A rail customers’ rally, held at the outset of a day of lobbying on Capitol Hill, was one part reunion and one part backslapping celebration as shippers and their advocates reveled in what they see as a looming victory in their fight for a rail regulatory reform law.
But the May 5 rally also included one large dose of realism, when the key lawmaker driving the reform effort warned the goal is still out of reach. “Keep the faith,” Sen. Jay Rockefeller, D-W.Va., told the group. “You are terrific. You are right. But we are not there yet.”
Rockefeller, chairman of the Commerce, Science and Transportation Committee, is pushing for a rail competition bill that would shift the rules more toward shippers for the first time since 1980, when deregulation put carriers on the path to financial strength.
After spending 2009 in negotiations among rail executives, shipper groups and regulators, the committee passed a bill in mid-December. But carriers angered by its terms have kept it from moving to a full Senate vote. The House has not taken up its own version.
Before Rockefeller addressed the agriculture, steel, chemicals and utility customers, speakers shared stories about the years they fought to get other members of Congress to understand their concerns. They told each other this would be the year they get the rules changed to force more competition into rail rates and service, and said Rockefeller has a plan to get the measure done in 2010.
Rockefeller stoked their fires at first. “I am not tiring on this legislation,” he said. “I’m not kidding on this legislation. We have to do whatever it takes.” But he also cautioned, “You’ve got to understand this is not over.” Railroads, he said, will not meet him halfway on compromises to get the bill wrapped up.
The estimated 150 shippers were a fraction of the number railroads turned out for their Feb. 25 lobbying day, when officials blanketed lawmakers’ offices to push for tax breaks and warn against setting competition rules that could threaten rail finances.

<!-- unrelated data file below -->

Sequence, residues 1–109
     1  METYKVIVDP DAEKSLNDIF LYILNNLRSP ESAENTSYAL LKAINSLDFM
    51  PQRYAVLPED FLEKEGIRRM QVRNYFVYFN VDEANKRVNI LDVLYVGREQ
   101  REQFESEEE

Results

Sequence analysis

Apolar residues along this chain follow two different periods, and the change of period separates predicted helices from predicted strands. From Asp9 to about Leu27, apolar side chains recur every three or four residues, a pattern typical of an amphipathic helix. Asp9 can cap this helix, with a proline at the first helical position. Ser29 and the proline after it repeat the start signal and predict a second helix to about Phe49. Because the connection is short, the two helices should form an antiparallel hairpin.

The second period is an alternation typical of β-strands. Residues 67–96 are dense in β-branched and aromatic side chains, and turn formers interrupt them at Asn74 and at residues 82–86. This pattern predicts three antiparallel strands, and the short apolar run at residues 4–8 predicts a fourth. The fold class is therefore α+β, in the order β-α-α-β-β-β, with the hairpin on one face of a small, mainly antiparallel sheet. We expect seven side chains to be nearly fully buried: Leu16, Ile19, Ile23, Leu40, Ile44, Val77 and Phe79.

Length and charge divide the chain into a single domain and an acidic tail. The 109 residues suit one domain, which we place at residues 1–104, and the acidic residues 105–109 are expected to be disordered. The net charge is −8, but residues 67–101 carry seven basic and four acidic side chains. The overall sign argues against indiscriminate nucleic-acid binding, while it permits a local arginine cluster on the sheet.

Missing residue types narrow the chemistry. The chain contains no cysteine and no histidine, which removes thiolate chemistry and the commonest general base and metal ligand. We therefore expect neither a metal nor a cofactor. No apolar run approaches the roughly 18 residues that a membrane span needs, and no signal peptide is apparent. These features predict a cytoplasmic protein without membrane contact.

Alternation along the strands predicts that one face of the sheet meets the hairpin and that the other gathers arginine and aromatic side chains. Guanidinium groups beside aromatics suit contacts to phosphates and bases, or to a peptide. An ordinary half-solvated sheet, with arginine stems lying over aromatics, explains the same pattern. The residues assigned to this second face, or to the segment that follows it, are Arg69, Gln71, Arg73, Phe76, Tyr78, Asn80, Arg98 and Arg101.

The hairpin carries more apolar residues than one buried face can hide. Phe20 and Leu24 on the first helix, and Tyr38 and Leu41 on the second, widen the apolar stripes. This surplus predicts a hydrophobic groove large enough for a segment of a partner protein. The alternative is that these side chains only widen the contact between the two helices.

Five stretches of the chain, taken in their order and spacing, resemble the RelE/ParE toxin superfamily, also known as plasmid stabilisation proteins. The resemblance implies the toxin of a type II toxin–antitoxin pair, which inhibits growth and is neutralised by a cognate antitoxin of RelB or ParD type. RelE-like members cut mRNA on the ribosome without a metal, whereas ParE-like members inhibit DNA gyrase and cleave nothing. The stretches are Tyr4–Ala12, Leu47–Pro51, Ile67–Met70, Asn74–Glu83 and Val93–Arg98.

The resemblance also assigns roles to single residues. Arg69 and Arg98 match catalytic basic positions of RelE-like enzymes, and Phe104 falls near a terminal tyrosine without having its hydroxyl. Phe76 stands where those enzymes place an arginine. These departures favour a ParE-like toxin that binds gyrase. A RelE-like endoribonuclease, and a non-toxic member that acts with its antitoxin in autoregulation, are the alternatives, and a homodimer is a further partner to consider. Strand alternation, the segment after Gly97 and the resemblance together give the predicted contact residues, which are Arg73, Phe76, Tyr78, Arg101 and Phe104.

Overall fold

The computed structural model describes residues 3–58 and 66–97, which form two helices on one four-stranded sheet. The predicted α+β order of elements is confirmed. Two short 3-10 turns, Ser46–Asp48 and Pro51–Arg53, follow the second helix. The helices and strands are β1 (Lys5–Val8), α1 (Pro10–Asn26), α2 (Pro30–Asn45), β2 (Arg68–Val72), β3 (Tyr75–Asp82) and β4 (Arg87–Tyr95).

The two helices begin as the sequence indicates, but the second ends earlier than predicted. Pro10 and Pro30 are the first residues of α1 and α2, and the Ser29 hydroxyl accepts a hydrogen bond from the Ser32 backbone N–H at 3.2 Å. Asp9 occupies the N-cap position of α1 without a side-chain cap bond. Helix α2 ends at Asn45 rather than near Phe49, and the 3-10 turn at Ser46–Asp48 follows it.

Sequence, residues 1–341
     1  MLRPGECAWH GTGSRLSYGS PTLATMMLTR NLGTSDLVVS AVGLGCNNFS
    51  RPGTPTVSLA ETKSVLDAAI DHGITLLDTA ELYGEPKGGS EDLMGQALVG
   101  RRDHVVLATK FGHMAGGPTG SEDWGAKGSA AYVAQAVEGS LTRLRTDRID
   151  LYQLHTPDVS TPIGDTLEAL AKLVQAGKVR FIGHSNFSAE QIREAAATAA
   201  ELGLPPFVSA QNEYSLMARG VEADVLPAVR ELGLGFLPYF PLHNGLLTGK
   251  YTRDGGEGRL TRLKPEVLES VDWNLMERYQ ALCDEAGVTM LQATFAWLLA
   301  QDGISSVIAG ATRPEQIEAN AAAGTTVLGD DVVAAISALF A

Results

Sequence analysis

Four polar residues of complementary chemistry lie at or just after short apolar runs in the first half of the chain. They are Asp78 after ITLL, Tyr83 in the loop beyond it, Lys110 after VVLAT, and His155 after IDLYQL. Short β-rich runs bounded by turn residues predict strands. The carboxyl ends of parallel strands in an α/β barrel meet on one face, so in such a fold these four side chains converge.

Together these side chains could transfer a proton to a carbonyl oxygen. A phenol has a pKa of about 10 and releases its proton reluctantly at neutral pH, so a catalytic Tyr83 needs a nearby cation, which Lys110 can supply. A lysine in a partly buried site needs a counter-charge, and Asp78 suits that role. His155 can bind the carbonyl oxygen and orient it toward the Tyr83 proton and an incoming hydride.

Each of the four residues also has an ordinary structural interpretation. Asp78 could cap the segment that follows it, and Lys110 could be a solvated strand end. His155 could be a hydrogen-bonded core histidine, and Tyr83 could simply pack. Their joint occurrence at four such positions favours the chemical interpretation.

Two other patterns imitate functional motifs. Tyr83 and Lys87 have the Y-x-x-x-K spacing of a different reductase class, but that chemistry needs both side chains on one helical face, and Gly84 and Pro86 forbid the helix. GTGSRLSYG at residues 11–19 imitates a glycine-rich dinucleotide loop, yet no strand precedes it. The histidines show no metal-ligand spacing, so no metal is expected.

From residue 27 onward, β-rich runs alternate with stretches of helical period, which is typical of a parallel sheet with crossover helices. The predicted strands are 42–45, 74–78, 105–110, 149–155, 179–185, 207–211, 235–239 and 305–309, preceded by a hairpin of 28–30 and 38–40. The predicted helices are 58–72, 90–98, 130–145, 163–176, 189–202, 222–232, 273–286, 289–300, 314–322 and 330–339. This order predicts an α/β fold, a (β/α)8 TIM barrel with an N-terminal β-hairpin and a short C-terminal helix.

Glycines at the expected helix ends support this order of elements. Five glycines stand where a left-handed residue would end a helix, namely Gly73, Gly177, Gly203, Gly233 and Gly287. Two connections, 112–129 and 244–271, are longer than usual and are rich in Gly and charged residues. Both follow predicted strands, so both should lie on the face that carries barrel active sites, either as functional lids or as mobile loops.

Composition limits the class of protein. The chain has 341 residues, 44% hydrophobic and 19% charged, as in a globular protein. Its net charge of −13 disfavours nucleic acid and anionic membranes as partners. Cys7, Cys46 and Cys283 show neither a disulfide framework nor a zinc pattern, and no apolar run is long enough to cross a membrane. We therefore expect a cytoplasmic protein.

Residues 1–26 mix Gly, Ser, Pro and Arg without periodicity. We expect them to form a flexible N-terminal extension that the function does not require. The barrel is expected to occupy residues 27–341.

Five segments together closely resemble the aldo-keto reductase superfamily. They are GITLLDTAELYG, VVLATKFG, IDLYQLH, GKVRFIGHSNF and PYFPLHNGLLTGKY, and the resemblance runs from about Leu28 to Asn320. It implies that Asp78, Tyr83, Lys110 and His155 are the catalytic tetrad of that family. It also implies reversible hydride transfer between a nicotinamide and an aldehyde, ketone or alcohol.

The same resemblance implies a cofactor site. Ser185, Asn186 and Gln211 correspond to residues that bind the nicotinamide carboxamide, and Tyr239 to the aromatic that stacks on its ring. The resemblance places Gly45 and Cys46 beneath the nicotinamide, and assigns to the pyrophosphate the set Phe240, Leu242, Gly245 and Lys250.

Railroads also emphasize the role they can plan in easing road congestion and greenhouse gas problems, if they make enough to spend on new capacity. The same week shippers gathered to lobby Congress, the carriers embraced a new study describing them as a “green jobs” industry compared with trucking.
One railroad concern is that Rockefeller plans to add language in a final bill to strip carriers of a limited exemption they enjoy from antitrust challenges, which they have because the Surface Transportation Board decides most carrier-shipper disputes.
Last month, shippers got a boost and railroads a slap when an extensive Agriculture Department report on freight shipping, developed in coordination with the Department of Transportation, urged Congress to revisit antitrust exemptions for railroads and ocean ship lines. Several speakers, including Sen. Amy Klobuchar, D-Minn., cited that report as a help to the shipper cause.
Sen. Herb Kohl, D-Wis., said he wouldn’t allow the competition bill to move to the Senate floor unless it removes “this special and undeserved immunity the railroad industry has from antitrust law.” Kohl last year wrote legislation to strip the exemption from rails, but dropped it after he and Rockefeller agreed to add its terms to the broader rail regulatory bill. There had been rumors the Commerce bill might finally move without that clause in order to win railroad support, but Kohl made clear he would fight any such effort.
Contact John D. Boyd at firstname.lastname@example.org.